By John Liu
NORTHWEST ASIAN WEEKLY
The last five years have been exciting for API Disney movie lovers. In 2016, we got Moana, the first Polynesian princess. In 2020, we got a live action remake of Mulan. Now our first Southeast Asian Princess! In normal times, I would have set up a movie social event with 10 friends or more to see this movie. Since we’re in a pandemic, I pitched in with a friend to pay $30 to see this movie on Disney Plus from the comfort of my own TV.
Raya is a computer animated action film distributed by Walt Disney Animation Studios and directed by Don Hall and Carlos López Estrada. The script was written by Qui Nguyen and Crazy Rich Asians writer, Adele Lim. That’s right, two Asian writers, and they did a fantastic job.
There once was a prosperous land called Kumandra where humans and dragons lived in harmony. Then all of a sudden, Kumandra was attacked by the Druun, purple and black cloud-like monsters described as a mindless plague that consume everything in its path. Humans turn to stone when touched by a Druun. The remaining dragons used the last of their magic to form an orb known as the Dragon Gem, and then were also turned to stone. The last dragon, Sisu, used the orb to rid the land of the Druun and then disappeared. Five-hundred years later, Kumandra is divided into five lands with different tribes that resemble a dragon: Fang, Heart, Spine, Talon, and Tail. (The next part has plot spoilers so skip the next paragraph if you are concerned about that.)
Chief Benja (Danie Dae Kim) wants the tribes of Kumandra to be united after years of war. His plan is to have a celebration banquet for the people of Kumandra. Raya (Kelly Marie Tran), the daughter of the chief, tries to befriend Namaari (Gemma Chan), the daughter of the Fang chief (Sandra Oh). Things do not go as planned as Namaari attempts to steal the Dragon Gem. The orb shatters, and the Druun are released once again. Each tribe escapes with a piece of the orb. Many people are turned to stone, including Raya’s father. Six years later, Raya embarks on a perilous journey with her faithful pet, Tuk Tuk (Alan Tudyk), to save Kumandra by finding Sisu (Awkwafina). Namaari will constantly be a thorn in Raya’s side. Along the way, Raya will meet some charismatic survivors from the other lands. Captain Boun (Isaac Wong) is a cute little orphan who runs a restaurant on a boat. Baby Noi (Thalia Tran) and her three monkeys are mischievous thieves. Rounding out the gang is Tong (Benedict Wong), a warrior that’s more bark than bite.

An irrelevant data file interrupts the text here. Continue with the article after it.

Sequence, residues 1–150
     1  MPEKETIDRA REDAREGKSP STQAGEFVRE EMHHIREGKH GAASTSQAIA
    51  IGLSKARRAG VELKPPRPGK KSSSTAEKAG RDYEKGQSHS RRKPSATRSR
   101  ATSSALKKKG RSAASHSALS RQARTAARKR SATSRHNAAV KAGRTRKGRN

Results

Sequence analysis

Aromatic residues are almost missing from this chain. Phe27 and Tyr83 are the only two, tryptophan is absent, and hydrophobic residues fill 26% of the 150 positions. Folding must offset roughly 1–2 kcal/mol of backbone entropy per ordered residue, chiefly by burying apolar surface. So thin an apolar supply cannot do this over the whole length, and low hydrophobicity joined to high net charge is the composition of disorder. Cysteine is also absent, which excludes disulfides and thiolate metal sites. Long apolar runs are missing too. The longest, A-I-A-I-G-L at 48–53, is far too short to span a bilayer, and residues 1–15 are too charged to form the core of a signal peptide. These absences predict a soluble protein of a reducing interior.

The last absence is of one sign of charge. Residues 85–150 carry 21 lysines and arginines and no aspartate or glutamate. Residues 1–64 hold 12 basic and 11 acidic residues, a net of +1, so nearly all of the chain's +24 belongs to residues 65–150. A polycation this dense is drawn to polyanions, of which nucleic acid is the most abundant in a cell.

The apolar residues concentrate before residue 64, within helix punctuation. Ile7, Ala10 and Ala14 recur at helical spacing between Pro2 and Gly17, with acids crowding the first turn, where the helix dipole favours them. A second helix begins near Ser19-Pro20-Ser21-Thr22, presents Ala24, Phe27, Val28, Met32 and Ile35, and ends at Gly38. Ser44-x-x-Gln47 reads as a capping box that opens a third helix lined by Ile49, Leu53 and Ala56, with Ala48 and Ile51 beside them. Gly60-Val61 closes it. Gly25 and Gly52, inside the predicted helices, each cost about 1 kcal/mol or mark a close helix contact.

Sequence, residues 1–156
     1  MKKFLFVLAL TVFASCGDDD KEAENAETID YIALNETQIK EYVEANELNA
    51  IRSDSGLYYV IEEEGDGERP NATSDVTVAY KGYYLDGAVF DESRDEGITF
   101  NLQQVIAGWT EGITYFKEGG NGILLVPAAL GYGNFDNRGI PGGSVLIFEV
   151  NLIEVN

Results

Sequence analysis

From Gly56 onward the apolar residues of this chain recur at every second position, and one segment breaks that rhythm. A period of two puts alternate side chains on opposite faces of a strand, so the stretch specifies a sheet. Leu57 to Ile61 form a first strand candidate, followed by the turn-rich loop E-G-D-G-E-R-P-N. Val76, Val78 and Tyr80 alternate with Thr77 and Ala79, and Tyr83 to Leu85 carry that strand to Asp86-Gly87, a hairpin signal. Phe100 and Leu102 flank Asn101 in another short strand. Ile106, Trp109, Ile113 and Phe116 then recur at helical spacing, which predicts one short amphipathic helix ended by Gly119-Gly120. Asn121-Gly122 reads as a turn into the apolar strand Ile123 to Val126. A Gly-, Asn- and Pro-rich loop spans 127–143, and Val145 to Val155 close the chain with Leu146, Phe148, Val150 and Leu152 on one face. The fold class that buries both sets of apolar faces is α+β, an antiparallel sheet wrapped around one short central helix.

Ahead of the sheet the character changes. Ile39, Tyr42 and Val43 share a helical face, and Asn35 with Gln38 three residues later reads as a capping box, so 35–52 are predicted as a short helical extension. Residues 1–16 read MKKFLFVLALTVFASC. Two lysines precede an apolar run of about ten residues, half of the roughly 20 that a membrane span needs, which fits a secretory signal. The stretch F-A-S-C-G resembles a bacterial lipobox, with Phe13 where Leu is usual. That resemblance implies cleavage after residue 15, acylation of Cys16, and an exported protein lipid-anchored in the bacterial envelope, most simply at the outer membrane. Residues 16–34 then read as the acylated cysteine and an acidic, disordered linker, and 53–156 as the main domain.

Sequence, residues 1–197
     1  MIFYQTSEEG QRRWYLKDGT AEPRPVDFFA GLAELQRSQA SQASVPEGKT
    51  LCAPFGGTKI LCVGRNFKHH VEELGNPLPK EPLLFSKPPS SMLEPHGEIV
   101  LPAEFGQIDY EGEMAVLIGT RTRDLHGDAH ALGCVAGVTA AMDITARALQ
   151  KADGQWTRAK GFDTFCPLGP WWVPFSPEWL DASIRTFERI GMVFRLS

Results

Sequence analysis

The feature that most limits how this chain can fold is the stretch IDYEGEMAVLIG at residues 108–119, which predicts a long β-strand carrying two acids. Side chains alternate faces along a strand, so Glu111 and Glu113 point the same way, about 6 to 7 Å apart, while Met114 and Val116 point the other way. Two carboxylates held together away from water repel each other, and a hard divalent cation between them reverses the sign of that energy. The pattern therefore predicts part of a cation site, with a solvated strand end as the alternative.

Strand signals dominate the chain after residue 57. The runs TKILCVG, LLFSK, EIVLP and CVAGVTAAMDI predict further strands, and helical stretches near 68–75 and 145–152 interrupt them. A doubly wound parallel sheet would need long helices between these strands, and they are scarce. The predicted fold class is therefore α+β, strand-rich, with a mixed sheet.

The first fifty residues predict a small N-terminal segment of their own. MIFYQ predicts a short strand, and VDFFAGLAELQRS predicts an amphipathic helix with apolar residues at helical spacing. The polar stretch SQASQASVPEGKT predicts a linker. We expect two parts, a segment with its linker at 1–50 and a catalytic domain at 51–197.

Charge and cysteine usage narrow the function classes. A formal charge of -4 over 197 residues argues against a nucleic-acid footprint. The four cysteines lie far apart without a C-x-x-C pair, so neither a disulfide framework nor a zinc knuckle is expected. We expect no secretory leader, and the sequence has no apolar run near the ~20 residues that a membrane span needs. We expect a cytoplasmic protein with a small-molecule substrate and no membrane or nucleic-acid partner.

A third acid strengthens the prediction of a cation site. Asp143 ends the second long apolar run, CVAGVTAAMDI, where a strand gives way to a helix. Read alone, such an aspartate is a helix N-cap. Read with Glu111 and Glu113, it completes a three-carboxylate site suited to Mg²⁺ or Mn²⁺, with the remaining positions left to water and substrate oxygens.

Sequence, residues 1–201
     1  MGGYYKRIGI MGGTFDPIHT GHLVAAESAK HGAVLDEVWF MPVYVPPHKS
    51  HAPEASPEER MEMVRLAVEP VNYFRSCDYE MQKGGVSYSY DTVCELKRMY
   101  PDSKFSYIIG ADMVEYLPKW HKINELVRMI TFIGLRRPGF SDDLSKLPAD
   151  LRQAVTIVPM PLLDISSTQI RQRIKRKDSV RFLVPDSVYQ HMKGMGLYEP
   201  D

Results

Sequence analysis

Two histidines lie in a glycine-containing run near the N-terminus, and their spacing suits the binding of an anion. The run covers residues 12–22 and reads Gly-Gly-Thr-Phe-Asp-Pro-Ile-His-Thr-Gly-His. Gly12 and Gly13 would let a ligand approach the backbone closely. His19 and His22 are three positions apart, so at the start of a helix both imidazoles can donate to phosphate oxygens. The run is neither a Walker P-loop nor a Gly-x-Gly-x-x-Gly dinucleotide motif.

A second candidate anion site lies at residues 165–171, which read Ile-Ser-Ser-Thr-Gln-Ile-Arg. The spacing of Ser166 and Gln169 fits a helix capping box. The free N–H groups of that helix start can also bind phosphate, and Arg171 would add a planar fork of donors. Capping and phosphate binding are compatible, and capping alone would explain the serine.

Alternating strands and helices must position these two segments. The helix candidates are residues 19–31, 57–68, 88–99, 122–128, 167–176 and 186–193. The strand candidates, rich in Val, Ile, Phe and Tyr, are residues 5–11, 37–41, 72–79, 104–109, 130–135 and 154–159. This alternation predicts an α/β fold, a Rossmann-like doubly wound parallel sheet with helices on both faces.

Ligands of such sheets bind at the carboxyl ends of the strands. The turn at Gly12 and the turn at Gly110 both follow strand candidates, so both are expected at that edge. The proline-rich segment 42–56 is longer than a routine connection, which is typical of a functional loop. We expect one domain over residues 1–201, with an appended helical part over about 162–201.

Kelly Tran does some outstanding voice work here as Raya, and I could feel the emotion in her voice. Sisu is the perfect role for Awkwafina and will serve as the comic relief for kids. If you have seen any of Awkwafina’s last movies, you will be familiar with her distinct voice and mannerisms. Now imagine her as a furry dragon! The dialogue is funny when it has to be, and serious during CGI fight scenes.
You will be mesmerized by the Southeast Asian culture references throughout the movie. My wife pointed out the Thai influence in costumes. Later in the movie, we are introduced to a boat captain who is an amazing cook. We get to see a close up of congee, tom yum, and many other Asian cuisine featured on the big screen.
As a foodie myself, it is a real treat. You will definitely be hungry afterwards. My only gripe about watching it on TV was the Kumandra world looked so amazing, I wanted to see it in 3D. Unfortunately, there is no 3D version this time because of the pandemic.
The film production was finished remotely because of the pandemic. That means hundreds of people were working at home.
“Ninety-five percent of the production of this film was done at home,” said director Don Hall. The actors had to set up makeshift sound booths for their voice recordings. I watched their red carpet premiere after finishing the movie, and the actors said they had never met face to face. I assume they met only on Zoom.
That makes Raya even more impressive since it had to overcome such tough circumstances.
Although kids will definitely enjoy this movie, there is plenty for adults. Five tribes are battling for their own survival. Can people put aside their differences and make a better world? Or will they all be turned to stone?
We see these conflicts happen every day even outside of this film. Sadly, we are still in a pandemic, and Raya pulled in only $8.6 million in U.S. movie theaters. Please support Asian representation and watch this movie.
Raya and the Last Dragon is currently playing at local theaters and Disney Plus.
John can be reached at firstname.lastname@example.org.